The picture quality was surprisingly good — I hadn’t expected this much from a data download that I hadn’t encoded to DVD format — and the camerawork was genuinely interesting; they tried to make it look like something other than a filmed concert, sometimes to great effect (especially the dance numbers, filmed as usual in other rooms of the hall than the one the orchestra is performing in — though I can’t help thinking the audience in the hall must feel short-changed — and the program, which was sponsored by Rolex, made a great to-do about the fact that the dancers’ costumes were designed by Valentino), sometimes rather dubiously — I’m still trying to make up my mind how I felt about them transforming the traditionally penultimate number, “On the Beautiful Blue Danube,” into a literal travelogue of the real Danube, tracing it from Switzerland through Germany, Austria, Hungary and finally to its delta in Romania. I have an interesting relationship with the “Blue Danube” because I remember hearing it through my childhood mostly in pop arrangements on 78 rpm recordings by dance bands — and when I got a two-sided Victor 78 of it played by Leopold Stokowski and the Philadelphia Orchestra I was literally blown away by hearing it played in Strauss’s original orchestration by a fabulous orchestra and a brilliant conductor.

Then I heard it as part of the soundtrack for the film 2001: A Space Odyssey in a version by an equally illustrious orchestra and conductor — the Berlin Philharmonic and Herbert von Karajan — and the music in Karajan’s hands (as in Stokowski’s) took on an epic sweep that made it worthy accompaniment for a beautifully staged sequence of a spaceship docking on a space station. Prêtre’s performance was hardly in the same league as Stokowski’s or Karajan’s, but it still managed to make a case for this piece as a beautiful composition and not just an infectious pop waltz — even in this peculiar context in which tradition (again!) dictates that the audience interrupt the opening violin trill with applause, giving the conductor an excuse to stop so he and the entire orchestra can bark out the greeting, “Prosit Neujahr!’ (that’s “Happy New Year” in German, in case you couldn’t guess), following which they “take it from the top” and play the piece start-to-finish. It was fun watching this concert — especially in complete form (rather than squished into an hour-and-a-half time slot the way PBS does) and without all the interstital jabber — though the completeness had its “down” side as well: it’s the sort of experience for which the phrase “too much of a good thing” was invented.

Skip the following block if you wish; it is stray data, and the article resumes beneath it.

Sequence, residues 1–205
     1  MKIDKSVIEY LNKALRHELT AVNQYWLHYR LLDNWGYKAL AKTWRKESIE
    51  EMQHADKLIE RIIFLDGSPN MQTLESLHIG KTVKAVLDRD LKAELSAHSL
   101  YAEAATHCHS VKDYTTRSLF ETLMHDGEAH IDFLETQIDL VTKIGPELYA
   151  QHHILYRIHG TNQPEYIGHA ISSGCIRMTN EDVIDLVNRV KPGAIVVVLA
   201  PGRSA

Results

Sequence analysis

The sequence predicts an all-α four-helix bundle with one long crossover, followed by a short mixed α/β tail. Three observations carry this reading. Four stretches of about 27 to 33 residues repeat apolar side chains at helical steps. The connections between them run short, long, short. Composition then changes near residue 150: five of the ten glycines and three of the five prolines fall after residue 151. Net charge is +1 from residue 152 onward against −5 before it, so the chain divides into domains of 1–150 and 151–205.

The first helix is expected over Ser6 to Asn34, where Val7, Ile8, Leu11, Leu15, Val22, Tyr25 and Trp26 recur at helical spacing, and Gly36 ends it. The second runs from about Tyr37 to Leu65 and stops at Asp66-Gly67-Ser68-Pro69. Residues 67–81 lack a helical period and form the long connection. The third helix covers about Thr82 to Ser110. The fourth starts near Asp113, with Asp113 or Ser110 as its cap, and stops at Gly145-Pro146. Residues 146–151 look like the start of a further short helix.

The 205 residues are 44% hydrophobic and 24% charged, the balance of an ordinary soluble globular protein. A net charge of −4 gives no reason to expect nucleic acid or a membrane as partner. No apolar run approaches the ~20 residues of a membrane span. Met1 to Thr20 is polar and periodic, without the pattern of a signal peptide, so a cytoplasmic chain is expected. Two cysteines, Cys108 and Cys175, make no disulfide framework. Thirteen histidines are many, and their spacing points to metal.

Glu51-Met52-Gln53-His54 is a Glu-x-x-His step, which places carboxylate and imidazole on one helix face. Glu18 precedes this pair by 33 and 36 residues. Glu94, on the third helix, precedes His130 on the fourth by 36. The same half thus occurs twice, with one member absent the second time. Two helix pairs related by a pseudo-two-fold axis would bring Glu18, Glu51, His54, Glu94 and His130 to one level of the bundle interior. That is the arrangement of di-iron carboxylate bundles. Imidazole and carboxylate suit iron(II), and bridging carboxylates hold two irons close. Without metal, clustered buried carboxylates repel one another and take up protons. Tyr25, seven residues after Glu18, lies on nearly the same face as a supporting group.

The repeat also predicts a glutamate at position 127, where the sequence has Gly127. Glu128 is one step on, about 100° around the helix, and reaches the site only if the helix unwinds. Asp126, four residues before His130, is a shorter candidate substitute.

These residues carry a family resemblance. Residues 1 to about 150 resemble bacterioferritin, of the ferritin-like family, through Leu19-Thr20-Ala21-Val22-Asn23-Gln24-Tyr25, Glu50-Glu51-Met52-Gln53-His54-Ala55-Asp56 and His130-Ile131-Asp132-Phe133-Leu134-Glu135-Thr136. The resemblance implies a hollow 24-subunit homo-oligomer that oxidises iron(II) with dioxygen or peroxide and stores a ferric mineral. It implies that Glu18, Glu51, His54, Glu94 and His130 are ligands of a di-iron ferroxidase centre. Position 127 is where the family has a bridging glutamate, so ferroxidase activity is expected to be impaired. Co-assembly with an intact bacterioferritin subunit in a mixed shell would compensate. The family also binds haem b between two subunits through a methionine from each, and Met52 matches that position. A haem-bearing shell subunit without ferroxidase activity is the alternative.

The succession of over two hours’ worth of light-music compositions, all (except for the Nicolai and Offenbach overtures) sounding pretty much like each other, gets a bit wearying after a while and one aches to hear something a little darker and moodier, just for the sake of contrast — reason enough that American orchestras are eschewing the Strauss-waltz tradition for their New Year’s concerts: last year the New York Philharmonic gave an all-French program that ended with Ravel’s Boléro, and this year they did an all-American program featuring Copland, Gershwin and Cole Porter — though they’d have been better advised to recruit a Broadway singer like Brian Stokes Mitchell for the Porter songs than Thomas Hampson, an opera and lieder star who wasn’t exactly at home in Porter’s idiom and who, like a lot of opera singers who go “slumming” in American pop songs, had virtually no clue how to sing the syncopated rhythms basic to this material. So I guess there’s something to be said for symphony orchestras on New Year’s sticking to light music in the vein they know well.